The little town of Rotorura, in New Zealand, is entirely built on State land, and it is one of the most attractive and prosperous places, for its size, in that country.
When the power of the Mahdi was broken at the battle of Omdurman the Egyptian Government took in hand the re-planning of Khartoum, the capital of the Soudan. It was laid out on a metropolitan scale, the entire area being under one control. It was designed in its entirety, and equipped with all its public buildings in a year, by the Royal Engineers. Such a magnificent result could never have been achieved if there had first been a host of private interests to overcome.
The headquarters of the Government of India is to be removed from Calcutta to Delhi, and the entire site for the new capital has been acquired as permanent State property. The Government also acted upon the excellent principle of eliminating from the purchase price the increment, which was due solely to its own decision.
And, finally, the young Australian Commonwealth, in its plans for the foundation of Canberra, the new Federal Capital, adopted the wise policy of preserving the entire site of not less than 100 square miles as permanent and inalienable public property. Under State ownership Canberra should become a model for the whole world. For the town planning of it will not be hampered by vested interests, the land-speculator will be an unknown quantity, the whole value of the land will be public revenue, and local rates will be for ever unnecessary. If the Australian States had dealt with their vast natural resources on the same statesmanlike principles from the beginning, there would be no land problem there today, no State debts, no rates or taxes, and no need to tax land values, for all land values would be its own property.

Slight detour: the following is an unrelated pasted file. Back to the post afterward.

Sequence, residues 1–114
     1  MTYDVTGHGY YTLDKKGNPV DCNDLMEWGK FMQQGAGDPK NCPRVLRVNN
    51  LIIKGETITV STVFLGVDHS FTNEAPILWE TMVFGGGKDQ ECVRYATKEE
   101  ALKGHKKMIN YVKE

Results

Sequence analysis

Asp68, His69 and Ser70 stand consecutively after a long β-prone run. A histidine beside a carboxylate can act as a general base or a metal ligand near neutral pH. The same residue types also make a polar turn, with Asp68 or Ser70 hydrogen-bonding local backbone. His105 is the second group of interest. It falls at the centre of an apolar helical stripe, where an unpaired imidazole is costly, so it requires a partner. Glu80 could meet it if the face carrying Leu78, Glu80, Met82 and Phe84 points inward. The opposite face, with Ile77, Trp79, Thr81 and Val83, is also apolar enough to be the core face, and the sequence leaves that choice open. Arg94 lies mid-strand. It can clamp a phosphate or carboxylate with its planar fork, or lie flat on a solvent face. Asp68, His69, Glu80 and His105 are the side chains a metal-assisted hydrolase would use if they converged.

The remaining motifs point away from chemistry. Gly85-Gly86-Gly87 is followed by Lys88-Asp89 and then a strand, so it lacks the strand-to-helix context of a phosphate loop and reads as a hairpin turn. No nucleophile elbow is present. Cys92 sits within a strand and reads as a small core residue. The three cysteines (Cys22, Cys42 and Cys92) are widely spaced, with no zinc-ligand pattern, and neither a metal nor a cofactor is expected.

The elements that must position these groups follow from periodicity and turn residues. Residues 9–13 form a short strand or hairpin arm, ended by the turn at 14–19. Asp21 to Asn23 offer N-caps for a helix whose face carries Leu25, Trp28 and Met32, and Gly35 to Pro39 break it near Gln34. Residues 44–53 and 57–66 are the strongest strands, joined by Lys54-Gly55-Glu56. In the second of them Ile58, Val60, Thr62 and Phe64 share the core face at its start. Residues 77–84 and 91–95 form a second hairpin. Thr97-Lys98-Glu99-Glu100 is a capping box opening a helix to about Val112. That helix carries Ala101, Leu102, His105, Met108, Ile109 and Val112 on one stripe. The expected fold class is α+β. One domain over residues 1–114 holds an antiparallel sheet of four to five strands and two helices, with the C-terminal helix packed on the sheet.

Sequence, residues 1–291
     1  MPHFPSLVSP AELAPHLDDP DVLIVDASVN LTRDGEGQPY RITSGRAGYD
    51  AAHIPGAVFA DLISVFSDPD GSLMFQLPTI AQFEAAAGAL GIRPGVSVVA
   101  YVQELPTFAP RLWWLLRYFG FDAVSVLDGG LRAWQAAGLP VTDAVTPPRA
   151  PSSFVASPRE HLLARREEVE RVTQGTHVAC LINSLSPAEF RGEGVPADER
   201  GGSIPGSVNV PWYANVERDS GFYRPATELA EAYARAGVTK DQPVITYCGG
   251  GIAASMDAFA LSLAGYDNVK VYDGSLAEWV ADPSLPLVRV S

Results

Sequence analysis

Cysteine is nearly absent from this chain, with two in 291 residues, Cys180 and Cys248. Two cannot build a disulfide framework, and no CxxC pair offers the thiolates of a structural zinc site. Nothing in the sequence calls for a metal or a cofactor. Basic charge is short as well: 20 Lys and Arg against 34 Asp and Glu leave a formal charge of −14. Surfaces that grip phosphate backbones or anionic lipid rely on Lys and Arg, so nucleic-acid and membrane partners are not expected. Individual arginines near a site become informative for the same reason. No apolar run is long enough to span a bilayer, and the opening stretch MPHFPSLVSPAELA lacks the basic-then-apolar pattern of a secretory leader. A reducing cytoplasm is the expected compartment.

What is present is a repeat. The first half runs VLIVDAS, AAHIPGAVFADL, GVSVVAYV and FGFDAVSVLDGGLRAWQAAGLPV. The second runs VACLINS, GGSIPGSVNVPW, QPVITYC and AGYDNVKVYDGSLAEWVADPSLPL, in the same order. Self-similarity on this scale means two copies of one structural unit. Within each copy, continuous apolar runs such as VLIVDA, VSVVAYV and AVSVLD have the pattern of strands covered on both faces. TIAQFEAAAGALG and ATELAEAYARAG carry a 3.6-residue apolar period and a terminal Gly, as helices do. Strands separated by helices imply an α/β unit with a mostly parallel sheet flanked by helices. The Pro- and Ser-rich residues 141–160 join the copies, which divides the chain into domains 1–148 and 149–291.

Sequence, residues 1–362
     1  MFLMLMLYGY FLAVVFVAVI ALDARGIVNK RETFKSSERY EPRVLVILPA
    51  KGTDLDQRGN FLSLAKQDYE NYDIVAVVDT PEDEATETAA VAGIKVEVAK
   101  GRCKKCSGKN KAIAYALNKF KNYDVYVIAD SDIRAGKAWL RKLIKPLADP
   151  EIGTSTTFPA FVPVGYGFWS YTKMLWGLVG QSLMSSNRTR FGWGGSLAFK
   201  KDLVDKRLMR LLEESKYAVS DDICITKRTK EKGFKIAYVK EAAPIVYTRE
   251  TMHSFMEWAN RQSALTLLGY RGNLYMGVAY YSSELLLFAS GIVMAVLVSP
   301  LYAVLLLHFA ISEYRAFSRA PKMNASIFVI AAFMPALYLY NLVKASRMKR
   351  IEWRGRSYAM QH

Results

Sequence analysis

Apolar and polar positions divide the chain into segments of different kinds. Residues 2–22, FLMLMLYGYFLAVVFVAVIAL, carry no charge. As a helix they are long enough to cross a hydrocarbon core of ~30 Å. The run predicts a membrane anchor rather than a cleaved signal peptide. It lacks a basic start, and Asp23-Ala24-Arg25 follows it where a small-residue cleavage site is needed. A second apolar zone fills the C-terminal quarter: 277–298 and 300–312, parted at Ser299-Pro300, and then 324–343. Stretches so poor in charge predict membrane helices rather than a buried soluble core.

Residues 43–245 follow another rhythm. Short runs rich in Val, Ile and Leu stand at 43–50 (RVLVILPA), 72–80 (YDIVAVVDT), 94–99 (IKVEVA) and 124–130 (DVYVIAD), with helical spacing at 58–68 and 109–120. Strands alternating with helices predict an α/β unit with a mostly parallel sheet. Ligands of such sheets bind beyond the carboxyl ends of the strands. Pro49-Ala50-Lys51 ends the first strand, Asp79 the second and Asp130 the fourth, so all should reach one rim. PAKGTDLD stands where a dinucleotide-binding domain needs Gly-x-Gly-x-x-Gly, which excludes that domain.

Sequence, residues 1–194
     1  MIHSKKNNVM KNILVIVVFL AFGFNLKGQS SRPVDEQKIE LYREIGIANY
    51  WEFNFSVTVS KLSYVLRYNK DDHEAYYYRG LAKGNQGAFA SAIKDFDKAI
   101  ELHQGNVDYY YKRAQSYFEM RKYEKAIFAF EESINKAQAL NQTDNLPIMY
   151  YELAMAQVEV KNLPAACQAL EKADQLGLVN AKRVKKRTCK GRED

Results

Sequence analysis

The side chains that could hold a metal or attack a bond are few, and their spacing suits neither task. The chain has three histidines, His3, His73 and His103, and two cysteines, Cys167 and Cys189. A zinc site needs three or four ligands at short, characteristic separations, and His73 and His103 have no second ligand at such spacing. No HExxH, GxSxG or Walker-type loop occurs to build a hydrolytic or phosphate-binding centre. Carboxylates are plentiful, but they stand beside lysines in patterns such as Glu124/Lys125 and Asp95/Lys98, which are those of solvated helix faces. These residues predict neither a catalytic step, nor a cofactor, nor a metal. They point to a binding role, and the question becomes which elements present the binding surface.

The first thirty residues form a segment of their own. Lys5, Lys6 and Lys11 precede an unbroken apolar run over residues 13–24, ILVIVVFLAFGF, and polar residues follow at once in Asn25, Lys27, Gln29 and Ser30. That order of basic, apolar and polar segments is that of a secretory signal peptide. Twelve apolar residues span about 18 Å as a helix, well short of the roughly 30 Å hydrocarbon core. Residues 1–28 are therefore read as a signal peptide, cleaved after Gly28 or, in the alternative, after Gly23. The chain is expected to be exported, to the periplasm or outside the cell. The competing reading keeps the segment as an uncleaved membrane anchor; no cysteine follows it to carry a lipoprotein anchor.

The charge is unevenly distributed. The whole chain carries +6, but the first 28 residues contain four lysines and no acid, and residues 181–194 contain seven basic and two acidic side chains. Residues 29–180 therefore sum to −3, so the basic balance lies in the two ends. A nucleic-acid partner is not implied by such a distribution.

But, when land nationalisation is proposed, it is often said, “Yes, it is very good in theory, and if we were starting a new country it would be wisest to adopt it; but we are an old country, and the thing is impossible.” It must, of course, be admitted that it is more difficult to establish it in an old country than in a new one, although, as has already been demonstrated, the difficulty is more apparent than real. But the benefits of such a system would be as great in an old country as in a new one, and the need for them is greater. For the worst evils of private property in land do not arise when the population is small in proportion to the area it occupies. As time goes on they intensify, and the sooner we establish in our towns and villages the system that prevails at Canberra the better it will be for the whole country.
Exemption of Improvements